I am very interested in learning more about the history of my antique black dolls. All three dolls have been in my mother's family since I can remember. I found all three as I was going through boxes upon boxes of memorabilia belonging to my mother. I believe the cloth dolls were made by a woman in Laramie, Wyoming in the 1800's. I am really curious about the littlest doll - could she be Civil War era?
The first and the littlest doll is 12 inches. This doll has no arms or legs.- just a body wrapped in scraps of cloth. Her face is hard but it is not plastic. Upon close examination this doll had another face sewn on the opposite side of her "body."
My Great Grandmother's father served in the Civil War, leading a black regiment but he was white. He was captured and spent three years as a POW. He returned from the war to meet his daughter who hadn't been born when he left. Could he have brought this doll to her? When he passed away and his widow applied for his pension, her first check arrived written to her and indicated that she was 'colored'.
I guess it was assumed that since my great great grandfather led a black infantry, he must be black too and that would make his widow black too. I have copies of the discharge papers indicating that my great great grandfather led a "United States Colored Infantry".The second Black cloth doll is 15 inches tall and may date to the late 1800's.
The third cloth doll is 21 inches tall and very lanky. Both doll's facial features are embroidery.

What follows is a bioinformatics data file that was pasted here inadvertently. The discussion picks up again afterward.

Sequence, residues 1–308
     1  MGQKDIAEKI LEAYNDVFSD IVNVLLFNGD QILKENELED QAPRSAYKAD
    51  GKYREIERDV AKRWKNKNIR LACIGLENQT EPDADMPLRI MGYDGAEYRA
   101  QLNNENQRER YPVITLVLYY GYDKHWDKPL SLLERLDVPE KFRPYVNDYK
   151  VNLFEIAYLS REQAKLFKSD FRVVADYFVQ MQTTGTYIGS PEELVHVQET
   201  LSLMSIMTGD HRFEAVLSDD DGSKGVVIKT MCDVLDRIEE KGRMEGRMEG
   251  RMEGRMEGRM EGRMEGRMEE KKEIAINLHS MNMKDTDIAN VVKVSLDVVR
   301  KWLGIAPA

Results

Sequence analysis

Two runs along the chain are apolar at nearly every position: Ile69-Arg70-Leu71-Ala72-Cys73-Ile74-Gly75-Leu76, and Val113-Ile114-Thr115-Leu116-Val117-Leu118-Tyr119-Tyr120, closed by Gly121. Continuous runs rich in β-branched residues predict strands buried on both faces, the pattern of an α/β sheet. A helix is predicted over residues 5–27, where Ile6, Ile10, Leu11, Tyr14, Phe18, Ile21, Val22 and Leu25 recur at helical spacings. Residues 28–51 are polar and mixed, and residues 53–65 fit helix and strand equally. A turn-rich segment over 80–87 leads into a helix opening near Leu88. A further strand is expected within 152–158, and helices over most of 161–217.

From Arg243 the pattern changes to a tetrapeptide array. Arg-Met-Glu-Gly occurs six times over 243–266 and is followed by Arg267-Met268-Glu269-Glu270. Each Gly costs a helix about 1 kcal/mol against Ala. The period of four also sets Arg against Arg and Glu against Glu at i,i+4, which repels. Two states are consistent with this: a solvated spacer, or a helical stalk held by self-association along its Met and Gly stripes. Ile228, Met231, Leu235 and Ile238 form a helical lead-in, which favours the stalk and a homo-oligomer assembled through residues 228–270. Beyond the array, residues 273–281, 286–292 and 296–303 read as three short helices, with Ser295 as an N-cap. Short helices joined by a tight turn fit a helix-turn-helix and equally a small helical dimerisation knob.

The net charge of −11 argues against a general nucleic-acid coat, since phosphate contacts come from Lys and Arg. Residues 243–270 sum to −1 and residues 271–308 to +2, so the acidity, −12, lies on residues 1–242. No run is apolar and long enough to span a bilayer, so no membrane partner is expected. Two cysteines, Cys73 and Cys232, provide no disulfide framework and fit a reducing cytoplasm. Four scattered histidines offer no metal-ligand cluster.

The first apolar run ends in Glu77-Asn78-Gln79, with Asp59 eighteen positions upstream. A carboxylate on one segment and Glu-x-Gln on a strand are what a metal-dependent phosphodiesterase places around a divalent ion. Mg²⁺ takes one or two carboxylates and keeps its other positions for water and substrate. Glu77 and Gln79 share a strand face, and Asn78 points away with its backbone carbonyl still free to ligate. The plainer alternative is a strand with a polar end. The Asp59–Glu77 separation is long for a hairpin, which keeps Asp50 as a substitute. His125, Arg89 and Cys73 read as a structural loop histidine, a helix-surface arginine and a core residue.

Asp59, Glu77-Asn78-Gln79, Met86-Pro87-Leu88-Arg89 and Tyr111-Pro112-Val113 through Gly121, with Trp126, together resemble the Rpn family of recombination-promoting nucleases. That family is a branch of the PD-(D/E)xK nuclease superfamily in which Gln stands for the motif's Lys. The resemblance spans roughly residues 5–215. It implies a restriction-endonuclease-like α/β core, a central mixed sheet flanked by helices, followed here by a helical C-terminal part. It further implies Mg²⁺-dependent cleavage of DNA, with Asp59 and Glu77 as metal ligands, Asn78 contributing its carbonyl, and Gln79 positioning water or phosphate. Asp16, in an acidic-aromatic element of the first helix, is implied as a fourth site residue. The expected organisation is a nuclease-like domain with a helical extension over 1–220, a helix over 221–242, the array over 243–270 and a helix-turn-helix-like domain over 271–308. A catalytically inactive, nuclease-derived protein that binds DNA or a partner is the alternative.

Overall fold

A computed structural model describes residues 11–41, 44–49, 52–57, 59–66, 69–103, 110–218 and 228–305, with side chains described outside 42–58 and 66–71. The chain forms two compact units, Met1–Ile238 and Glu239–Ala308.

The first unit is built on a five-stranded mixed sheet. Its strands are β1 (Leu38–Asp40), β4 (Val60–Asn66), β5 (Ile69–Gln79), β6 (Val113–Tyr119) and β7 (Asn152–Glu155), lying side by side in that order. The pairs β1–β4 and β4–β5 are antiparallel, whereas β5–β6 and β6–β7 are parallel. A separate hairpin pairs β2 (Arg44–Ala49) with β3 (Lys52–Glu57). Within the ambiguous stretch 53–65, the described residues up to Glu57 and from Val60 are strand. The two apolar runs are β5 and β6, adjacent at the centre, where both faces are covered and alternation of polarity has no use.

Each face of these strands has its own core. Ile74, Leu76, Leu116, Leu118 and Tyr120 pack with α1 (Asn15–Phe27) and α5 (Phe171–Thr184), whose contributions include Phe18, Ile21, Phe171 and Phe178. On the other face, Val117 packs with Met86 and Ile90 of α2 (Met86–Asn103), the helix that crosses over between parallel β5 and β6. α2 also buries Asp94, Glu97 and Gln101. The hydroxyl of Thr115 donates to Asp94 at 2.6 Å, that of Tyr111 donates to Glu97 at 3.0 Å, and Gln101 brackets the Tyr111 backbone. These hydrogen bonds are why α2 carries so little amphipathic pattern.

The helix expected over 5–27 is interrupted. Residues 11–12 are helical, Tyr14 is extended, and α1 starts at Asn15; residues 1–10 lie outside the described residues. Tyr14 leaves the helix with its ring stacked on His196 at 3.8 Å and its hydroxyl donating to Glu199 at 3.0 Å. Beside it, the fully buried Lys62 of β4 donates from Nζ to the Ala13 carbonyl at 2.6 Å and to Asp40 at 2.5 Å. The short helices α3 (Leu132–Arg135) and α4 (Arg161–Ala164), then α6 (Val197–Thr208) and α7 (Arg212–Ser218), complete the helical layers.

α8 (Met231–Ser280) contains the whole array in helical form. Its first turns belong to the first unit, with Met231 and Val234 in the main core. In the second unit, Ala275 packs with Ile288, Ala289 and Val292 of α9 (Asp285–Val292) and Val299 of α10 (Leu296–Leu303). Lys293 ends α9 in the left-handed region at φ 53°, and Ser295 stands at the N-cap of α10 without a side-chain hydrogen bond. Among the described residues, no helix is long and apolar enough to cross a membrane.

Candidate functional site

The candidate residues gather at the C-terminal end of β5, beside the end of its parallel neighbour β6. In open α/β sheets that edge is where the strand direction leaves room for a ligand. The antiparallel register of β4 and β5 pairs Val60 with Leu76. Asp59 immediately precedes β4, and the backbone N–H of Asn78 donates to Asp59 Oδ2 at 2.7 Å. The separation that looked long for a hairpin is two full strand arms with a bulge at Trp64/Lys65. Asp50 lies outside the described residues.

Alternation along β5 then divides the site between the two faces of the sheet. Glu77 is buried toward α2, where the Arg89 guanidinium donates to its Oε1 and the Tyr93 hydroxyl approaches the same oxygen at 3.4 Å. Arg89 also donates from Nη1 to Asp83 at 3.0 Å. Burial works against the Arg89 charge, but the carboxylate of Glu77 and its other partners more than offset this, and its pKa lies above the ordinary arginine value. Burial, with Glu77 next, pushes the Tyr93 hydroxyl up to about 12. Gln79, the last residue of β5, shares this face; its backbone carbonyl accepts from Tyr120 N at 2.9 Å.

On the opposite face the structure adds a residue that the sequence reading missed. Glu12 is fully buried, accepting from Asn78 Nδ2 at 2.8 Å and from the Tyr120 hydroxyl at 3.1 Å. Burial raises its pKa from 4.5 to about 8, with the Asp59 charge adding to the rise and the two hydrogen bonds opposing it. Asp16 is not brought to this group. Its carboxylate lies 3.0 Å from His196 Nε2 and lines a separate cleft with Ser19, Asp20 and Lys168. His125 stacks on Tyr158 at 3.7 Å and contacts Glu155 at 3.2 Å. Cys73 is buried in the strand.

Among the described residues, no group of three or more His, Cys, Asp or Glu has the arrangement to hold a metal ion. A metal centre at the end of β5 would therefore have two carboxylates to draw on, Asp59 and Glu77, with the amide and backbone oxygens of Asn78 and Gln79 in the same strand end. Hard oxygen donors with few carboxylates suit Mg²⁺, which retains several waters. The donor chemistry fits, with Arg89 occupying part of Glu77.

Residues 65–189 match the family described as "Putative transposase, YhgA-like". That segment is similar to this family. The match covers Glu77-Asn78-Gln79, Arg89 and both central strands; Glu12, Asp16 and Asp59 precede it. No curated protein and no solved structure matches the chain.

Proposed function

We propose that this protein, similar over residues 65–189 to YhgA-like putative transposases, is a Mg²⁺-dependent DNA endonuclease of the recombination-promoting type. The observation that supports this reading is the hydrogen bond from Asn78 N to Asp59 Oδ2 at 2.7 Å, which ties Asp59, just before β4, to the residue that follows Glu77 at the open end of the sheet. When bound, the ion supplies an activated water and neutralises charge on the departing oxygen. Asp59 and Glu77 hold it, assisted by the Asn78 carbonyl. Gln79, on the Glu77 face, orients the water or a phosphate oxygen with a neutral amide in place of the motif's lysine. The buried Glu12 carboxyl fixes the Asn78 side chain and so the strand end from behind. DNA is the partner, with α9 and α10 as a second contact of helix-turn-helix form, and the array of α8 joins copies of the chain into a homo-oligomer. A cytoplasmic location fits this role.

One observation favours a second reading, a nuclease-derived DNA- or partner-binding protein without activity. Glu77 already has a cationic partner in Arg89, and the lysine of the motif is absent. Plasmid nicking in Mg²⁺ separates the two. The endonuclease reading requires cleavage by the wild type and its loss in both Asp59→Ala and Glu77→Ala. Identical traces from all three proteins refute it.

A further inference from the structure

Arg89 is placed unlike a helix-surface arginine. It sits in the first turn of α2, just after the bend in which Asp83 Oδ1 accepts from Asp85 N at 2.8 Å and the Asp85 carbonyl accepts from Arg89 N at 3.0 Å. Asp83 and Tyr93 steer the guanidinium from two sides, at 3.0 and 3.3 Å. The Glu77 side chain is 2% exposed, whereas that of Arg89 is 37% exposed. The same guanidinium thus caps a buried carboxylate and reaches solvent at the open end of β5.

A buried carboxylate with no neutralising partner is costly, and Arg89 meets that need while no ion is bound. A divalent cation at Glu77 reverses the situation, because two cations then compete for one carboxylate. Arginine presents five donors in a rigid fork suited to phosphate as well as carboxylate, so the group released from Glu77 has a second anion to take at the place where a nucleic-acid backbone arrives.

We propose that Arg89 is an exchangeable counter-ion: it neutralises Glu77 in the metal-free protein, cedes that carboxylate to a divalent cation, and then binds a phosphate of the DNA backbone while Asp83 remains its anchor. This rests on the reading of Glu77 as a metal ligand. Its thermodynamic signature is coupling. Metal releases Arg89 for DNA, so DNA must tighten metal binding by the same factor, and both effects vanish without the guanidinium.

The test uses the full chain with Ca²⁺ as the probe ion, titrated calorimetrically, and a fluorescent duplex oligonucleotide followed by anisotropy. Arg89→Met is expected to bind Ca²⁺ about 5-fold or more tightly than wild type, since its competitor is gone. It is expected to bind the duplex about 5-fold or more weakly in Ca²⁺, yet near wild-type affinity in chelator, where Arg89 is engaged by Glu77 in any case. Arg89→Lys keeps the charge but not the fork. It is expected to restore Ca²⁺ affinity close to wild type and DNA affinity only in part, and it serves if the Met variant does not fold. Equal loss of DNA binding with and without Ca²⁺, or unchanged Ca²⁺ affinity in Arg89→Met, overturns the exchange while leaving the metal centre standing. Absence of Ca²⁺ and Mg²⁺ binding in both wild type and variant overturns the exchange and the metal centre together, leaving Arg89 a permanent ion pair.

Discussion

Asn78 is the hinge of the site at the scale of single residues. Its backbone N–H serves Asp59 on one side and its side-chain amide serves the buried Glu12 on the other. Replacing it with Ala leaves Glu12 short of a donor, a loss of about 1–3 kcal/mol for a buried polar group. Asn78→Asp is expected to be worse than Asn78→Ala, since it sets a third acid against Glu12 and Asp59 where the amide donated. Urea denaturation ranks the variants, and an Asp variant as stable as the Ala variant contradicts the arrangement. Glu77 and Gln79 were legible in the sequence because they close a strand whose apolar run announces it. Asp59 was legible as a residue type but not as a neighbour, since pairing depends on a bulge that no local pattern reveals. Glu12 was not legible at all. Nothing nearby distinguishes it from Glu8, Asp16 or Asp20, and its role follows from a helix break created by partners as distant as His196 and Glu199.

The second doll seems to be captured in a photo of a woman holding a white doll and a black doll. The black doll looks very much like my doll. This woman lived in Laramie, Wyoming and her husband was the business partner of my great grandfather. I am guessing the picture was taken in the 1880's?
It would be exciting to know the history of these dolls and their current values.
Please have any one with more information to contact me at: firstname.lastname@example.org
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Your dolls are beautiful and fantastic. The background story is compiling. All the items, including the letters and photo, are all potential historic and culturally important treasures. I'm thrilled that you have protected the dolls and documents all these years.
I'm sure there are experts on cloth dolls that can date your doll by the type of stiching used on the face and fabric. All the small details can add up to a truly amazing discovery. I'm hopeful someone will reach out to you with information.
The last doll style is called a topsy turvey. It had a pretty White doll face on one end and a pretty Black doll face on the other end. A skirt flipped over to hid one doll face while the other face was played with. Carefully check around the band at the neck of the Black doll to see if you can find a date or name. The face is similiar to a Buckener style doll that I will be featuring on the website in a few days.
The Letters from your Great Grandfather have special historically signifigance. Many Black regiments serviced the U.S.A with great honors. Civil War historians would love to be able to examine and perhaps own these letter. Keep in mind that your items have not been offered on the market, therefore, can command high prices.
I simple love the photos!
Thank you for sharing, I'm hopeful someone will step forward and contact you directly.
You have already provided additional information I can't wait to share with my readers in the next issue of Antique Black Dolls.Com
Thank you for sharing your quest for information with us!